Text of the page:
Recently, the California Supreme Court held that a landlord in a commercial lease transaction may not unreasonably withhold consent to the assignment or subletting of the premises by the tenant.
However, another recent appellate court ruled against the tenant because he had not requested that the landlord give his consent.
In the latter case, an oil company leased a gas station on condition that the tenant not assign or sublease without the oil company's consent. The tenant sublet the property without informing the lessor, who brought an unlawful detainer action to evict the subtenant and terminate the lease.
The court held that the landlord may not withhold its consent to an assignment or subletting unless he has a good-faith, reasonable objection to the transfer. However, in this case, the tenant did not request the oil company's consent to the sublease, which is required to afford the lessor an opportunity to protect his interest.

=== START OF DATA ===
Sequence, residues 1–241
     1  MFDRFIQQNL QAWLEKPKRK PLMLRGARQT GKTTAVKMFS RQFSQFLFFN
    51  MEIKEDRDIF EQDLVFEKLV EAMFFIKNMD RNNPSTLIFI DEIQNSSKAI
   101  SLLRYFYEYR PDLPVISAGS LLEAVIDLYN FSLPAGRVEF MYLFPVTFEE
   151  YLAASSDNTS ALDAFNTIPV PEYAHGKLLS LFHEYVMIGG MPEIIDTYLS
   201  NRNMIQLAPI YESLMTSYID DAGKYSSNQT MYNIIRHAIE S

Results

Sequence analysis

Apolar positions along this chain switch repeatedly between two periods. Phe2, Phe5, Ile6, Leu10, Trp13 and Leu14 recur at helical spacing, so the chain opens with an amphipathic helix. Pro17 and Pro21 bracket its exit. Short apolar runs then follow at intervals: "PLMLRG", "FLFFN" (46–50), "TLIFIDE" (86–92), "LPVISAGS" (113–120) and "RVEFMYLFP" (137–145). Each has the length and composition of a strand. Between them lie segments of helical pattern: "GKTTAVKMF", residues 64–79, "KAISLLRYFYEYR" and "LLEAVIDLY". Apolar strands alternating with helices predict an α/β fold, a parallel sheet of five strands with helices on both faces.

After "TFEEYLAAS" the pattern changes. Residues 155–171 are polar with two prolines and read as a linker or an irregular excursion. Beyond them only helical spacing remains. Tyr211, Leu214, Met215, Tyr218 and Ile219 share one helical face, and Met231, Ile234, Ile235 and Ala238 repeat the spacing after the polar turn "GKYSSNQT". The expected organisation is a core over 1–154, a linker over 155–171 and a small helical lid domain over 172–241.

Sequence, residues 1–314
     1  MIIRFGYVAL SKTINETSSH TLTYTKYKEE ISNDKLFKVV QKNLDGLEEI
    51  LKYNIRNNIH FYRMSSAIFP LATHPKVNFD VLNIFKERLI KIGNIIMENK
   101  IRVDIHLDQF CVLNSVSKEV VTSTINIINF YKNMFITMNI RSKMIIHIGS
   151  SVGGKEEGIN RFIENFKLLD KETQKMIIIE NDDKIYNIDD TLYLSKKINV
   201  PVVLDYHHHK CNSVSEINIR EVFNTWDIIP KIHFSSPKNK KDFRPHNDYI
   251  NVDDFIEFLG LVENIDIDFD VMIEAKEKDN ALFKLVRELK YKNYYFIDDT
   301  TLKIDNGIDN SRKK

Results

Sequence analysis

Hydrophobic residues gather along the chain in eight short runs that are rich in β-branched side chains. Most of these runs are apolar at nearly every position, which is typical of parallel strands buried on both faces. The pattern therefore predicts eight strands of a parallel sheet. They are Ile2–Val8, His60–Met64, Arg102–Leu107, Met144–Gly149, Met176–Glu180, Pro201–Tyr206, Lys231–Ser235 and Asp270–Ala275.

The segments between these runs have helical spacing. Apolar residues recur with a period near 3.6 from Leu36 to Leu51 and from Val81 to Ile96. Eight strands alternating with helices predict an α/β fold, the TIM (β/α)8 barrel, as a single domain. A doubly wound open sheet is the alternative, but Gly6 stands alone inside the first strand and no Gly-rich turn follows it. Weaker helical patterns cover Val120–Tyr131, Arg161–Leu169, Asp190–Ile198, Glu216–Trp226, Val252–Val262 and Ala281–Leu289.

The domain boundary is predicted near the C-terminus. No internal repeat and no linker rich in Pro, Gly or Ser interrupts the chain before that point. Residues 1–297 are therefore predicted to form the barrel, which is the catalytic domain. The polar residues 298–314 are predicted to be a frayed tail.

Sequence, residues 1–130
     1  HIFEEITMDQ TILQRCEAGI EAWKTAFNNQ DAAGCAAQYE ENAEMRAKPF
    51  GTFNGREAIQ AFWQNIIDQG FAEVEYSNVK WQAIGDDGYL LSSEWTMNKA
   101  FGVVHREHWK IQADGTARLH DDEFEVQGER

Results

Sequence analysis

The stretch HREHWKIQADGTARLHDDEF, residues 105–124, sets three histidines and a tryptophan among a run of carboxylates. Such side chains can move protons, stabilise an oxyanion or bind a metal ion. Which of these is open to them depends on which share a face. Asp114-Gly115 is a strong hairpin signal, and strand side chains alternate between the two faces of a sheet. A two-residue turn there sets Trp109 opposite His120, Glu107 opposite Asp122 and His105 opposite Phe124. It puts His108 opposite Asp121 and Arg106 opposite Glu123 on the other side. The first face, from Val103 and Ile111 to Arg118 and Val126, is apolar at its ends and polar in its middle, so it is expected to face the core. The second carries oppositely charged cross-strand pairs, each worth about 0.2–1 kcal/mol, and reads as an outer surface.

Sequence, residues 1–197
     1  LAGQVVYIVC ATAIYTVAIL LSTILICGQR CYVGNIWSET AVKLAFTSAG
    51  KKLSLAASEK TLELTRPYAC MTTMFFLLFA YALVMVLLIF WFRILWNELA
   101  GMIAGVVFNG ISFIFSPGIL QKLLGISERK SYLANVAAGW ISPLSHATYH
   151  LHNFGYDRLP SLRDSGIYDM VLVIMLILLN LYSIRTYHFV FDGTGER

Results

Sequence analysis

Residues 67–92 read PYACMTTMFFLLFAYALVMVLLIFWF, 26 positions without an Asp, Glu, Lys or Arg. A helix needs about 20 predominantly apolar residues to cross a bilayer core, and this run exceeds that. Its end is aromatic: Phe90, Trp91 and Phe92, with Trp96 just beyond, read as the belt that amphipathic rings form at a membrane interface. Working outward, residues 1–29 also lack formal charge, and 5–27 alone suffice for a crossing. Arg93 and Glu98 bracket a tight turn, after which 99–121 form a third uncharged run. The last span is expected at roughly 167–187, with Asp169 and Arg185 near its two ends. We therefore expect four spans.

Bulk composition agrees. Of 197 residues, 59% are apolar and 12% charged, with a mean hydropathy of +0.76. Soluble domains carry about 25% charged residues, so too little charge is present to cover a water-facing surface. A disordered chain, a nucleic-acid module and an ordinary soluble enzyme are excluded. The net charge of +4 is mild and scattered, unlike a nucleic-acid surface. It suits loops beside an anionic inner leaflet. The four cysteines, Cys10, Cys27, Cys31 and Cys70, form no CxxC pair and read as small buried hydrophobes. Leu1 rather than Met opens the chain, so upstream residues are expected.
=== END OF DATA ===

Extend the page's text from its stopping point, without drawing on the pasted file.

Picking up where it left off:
The court stated that in an appropriate case, and to prevent undue hardship even when the landlord's consent is not requested, the court should determine whether denying the tenant relief is unjust.